On the northwestern shore of the Sea of Galilee you will find what is today called the Mount of Beatitudes. It doesn’t take a major theologian to figure out why. It has long been recognized as where Jesus delivered his most famous talk, the Sermon on the Mount. In approximately 2,450 words, Jesus explained everything one needed to know to follow God’s Law.
That sermon started, of course, with the Beatitudes.
Jesus’ teaching was, and remains, subversive to the political and social establishment of the day. They were “false prophets,” Jesus said, “ravenous wolves” who “come to you in sheep’s clothing.” Their words didn’t match their deeds; sound familiar?
Jesus reset the Law to its proper place, pointing people (then and now) to a free and more abundant life in which we are called to govern ourselves and care for one another. This teaching was necessary. The Law had been a blessing from God—showing men how to honor Him and live peaceably with each other—but had been corrupted into a heavy weight of legal burdens and control.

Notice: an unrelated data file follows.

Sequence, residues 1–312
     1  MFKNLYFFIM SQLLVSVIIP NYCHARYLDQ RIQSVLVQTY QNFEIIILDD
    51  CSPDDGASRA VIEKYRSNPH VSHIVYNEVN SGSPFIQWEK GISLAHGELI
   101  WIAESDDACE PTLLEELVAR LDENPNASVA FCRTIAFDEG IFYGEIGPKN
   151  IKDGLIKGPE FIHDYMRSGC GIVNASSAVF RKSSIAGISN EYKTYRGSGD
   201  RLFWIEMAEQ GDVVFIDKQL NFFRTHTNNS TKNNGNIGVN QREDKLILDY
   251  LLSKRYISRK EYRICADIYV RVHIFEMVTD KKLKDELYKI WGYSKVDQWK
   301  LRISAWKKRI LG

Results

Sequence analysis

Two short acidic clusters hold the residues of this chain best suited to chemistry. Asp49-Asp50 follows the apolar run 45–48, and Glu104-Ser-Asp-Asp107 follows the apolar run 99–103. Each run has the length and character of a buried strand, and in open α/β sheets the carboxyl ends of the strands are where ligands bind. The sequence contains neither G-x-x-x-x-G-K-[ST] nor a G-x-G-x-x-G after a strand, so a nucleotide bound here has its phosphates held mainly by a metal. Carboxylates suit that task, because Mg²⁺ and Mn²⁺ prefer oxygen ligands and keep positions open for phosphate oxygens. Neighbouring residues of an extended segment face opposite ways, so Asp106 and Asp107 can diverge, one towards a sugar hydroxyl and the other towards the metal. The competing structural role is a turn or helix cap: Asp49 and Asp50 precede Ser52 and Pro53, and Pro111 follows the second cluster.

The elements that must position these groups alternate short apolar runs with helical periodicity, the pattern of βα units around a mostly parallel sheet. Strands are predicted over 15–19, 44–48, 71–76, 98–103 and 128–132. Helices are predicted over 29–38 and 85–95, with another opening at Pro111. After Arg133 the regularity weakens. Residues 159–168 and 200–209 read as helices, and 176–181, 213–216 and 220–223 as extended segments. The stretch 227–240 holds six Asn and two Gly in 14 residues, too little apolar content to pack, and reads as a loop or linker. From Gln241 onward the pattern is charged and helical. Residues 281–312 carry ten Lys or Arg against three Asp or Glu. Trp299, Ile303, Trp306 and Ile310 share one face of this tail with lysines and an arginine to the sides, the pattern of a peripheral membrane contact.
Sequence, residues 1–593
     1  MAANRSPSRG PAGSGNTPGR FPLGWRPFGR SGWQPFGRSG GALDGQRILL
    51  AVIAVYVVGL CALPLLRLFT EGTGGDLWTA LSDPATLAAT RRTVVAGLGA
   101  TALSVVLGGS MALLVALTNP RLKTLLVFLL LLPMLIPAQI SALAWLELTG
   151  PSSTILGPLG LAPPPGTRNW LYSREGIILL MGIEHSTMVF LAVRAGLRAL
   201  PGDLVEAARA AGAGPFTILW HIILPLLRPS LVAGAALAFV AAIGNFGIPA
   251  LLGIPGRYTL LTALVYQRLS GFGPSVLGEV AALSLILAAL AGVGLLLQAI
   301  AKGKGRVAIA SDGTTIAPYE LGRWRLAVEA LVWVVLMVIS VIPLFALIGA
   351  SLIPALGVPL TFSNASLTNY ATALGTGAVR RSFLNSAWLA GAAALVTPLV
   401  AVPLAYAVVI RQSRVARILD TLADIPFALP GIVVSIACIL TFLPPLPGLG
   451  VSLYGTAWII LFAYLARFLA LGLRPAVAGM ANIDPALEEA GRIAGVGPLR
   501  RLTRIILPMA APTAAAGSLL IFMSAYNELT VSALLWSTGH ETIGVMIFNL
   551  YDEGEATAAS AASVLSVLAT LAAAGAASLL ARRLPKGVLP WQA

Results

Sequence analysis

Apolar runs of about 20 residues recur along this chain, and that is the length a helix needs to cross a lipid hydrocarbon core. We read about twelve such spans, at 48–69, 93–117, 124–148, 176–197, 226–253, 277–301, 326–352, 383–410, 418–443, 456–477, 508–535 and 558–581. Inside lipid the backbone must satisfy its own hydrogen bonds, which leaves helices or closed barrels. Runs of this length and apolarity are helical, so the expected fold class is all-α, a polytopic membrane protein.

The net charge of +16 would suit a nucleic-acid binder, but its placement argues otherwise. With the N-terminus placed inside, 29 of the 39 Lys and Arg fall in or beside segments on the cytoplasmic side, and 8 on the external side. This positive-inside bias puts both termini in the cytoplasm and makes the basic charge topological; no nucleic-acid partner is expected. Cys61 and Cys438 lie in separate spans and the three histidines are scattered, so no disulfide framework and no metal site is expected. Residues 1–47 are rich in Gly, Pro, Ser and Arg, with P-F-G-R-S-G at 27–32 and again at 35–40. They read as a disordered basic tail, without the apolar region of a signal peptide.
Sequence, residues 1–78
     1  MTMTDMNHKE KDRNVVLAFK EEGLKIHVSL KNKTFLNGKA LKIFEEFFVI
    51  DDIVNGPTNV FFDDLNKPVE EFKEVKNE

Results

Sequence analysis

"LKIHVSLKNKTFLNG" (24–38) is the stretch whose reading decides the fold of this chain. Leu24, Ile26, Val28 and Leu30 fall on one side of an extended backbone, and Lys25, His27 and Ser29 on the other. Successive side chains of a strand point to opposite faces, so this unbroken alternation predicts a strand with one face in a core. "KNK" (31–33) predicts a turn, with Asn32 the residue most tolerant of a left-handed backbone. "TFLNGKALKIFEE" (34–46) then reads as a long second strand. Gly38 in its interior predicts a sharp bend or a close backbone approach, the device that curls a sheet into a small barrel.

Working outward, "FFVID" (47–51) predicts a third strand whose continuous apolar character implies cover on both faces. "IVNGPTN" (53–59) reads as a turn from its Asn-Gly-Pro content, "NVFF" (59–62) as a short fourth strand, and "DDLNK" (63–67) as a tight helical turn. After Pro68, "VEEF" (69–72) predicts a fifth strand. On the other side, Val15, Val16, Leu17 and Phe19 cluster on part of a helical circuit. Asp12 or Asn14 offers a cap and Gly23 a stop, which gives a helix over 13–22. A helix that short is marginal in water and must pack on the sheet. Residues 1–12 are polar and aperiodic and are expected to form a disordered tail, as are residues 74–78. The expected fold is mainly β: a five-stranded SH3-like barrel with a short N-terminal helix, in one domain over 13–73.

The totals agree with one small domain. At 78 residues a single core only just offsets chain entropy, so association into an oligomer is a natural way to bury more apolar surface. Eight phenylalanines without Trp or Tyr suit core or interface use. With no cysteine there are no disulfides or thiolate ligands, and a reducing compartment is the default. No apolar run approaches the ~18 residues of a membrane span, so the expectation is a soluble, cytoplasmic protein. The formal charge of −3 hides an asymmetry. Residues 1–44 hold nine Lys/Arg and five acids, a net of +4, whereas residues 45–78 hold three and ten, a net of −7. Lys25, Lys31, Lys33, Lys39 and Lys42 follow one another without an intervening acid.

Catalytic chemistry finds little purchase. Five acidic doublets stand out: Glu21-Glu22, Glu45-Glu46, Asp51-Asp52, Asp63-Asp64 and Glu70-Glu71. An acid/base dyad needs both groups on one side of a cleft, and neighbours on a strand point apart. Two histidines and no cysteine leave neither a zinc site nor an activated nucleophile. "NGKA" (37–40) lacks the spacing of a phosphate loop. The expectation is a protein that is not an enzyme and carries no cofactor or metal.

Before diving in to that, though, the sermon’s opening Beatitudes remind us that while we may not control our circumstances, we are responsible for our attitudes in them.
In the modern era, the law doesn’t come from pretentious religious leaders but from lawmakers who suffer those same human tendencies. For example, the U.S. tax code runs nearly 70,000 pages; when you add in the associated regulations and case law, the Tax Foundation reports, and you need to slog through some 10 million words to get the complete picture—but you’ll never understand it. And, yes, that is mostly by design.
(The complete Bible, in contrast, runs under 800,000 words, depending on the translation you use.)
The tax code was originally a tool for financing our mutual benefits and obligations as citizens. It has morphed into a monstrous mess in which politicians punish foes, aid cronies, and impede innovation; it is political patronage at its worst.
Just as in Jesus’ day, those in control of making the rules often run roughshod over the underlying purpose of the law in a quest to control the people and benefit themselves.
The tax code may be incomprehensible, but God’s Law is not, thanks to a simple sermon on a hillside. Jesus restored the meaning of the Law and offered a freedom that cannot be taken away. No matter how many incomprehensible words lawmakers use to (allegedly) “make things better,” the Sermon on the Mount shows in just a few pages how we can live effectively and constructively.